The Garden

A blog by Marijn van Hoorn

Interesting examples of phonosemantic matching

Marijn van Hoorn

Phono­se­man­tic matching is when a word is loaned from one language to another, but the receiving language changes it so it sounds like a term with a similar meaning. Here are some examples i find interesting.

The Dutch scheurbuik is from the same root as English scurvy, but was modified because of the influence of scheur “tear, crack” and buik “belly”. Similarly, the ending of ansjovis “anchovy” developed under the influence of vis “fish”.

Further afield in China, 万维网 wàn wéi wǎng has the initial w-w-w of “world wide web”, but literally means “myriad-dimensional net”. The term was coined by Li Xiaowen, a Chinese geographer studying abroad in the US.α Similarly, 声纳 shēngná “sonar” consists of the characters shēng “sound” and “receive” — there are numerous other characters that would have a closer phonetic match for the so in sonar, but had a closer semantic match.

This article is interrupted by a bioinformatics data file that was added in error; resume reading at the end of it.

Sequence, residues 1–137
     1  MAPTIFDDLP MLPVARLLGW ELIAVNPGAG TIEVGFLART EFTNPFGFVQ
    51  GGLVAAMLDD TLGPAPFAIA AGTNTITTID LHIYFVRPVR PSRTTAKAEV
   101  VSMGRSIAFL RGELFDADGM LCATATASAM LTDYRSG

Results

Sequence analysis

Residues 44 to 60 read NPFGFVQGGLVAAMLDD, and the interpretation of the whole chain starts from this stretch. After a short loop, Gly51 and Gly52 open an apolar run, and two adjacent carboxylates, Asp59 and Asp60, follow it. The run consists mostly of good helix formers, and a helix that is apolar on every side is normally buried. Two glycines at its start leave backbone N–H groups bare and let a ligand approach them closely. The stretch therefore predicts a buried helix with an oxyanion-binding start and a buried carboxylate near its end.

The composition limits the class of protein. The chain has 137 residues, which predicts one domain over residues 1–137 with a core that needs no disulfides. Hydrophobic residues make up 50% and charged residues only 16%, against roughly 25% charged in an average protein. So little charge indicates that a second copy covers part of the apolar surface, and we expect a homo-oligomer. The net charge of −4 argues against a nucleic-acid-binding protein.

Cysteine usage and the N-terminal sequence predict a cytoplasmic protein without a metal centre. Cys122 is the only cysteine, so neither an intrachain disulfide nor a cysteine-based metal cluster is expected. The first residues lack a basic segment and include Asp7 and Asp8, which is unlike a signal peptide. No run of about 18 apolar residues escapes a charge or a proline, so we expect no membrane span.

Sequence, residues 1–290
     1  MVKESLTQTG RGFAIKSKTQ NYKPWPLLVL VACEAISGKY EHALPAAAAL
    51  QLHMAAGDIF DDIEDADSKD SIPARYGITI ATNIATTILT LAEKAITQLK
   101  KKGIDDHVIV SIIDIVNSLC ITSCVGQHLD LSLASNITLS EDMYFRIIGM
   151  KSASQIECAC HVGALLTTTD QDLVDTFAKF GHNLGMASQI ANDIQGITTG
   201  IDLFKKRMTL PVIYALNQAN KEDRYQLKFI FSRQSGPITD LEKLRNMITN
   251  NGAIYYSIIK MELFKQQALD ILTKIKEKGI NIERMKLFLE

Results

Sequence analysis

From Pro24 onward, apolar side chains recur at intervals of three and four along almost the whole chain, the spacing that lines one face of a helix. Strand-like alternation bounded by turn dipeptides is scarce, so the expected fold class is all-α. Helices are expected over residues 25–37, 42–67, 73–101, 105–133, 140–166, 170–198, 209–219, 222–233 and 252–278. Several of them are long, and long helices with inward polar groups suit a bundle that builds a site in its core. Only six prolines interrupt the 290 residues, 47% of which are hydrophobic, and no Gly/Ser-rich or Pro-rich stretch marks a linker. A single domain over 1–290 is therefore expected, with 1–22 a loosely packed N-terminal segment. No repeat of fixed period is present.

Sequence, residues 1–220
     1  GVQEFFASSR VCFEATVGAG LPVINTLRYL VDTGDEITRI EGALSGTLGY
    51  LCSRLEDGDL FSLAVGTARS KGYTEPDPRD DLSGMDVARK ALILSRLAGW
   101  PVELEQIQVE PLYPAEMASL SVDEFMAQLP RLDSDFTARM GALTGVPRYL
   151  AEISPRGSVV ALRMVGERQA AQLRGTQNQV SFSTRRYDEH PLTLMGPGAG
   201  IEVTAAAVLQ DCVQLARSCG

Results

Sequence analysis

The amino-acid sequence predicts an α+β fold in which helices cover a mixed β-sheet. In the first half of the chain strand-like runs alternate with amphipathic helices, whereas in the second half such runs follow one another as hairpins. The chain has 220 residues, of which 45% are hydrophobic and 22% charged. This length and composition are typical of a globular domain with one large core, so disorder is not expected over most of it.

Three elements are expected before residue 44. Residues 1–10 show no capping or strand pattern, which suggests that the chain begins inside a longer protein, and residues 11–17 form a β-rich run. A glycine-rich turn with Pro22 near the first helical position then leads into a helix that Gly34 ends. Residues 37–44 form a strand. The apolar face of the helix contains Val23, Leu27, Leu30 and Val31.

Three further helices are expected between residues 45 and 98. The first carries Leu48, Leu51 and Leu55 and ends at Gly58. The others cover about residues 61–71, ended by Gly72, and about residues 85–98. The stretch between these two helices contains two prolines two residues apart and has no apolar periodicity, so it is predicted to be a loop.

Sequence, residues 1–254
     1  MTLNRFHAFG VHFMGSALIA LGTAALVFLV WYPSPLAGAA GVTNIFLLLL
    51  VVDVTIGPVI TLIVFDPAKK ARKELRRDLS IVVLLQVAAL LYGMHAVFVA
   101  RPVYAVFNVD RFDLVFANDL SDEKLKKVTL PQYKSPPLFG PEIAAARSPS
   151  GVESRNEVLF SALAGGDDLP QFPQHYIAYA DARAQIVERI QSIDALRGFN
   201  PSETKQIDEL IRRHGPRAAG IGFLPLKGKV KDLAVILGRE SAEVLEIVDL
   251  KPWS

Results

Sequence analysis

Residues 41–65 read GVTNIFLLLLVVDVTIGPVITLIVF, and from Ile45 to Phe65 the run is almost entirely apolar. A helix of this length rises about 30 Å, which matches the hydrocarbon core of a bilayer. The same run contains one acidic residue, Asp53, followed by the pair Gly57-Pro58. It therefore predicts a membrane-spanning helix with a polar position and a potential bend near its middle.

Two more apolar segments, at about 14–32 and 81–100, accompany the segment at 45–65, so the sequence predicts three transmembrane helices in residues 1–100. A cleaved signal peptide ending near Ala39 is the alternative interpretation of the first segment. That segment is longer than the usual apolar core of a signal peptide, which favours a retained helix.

Over in Iceland, phono­se­man­tic matching is common in science, as wordsmiths struggle to keep the language from foreign influence. Tækni “technology, technique” was coined by a Dr. Björn Bjarn­ar­son in 11912, from the preëxisting tæki “tool” — literally something like “tooling”. Vilmundur Jónsson, director general of public health, coined veira “virus” in 11955, playing on the similarity between the international virus and Icelandic feyra “mouldiness, rot, decay”.β

But, as shown by the earlier Dutch examples, these changes aren't always deliberate: in English, muskrat is a corruption of the Abenaki term mòskwas, influenced by the nature of the musk-emitting rodent. Finally, typhoon comes from the conflation of a root that can be traced back to the Sinitic 大風γ with the name of Typhon, the bringer of devastating storms who was defeated by Zeus in Hellenic mythology.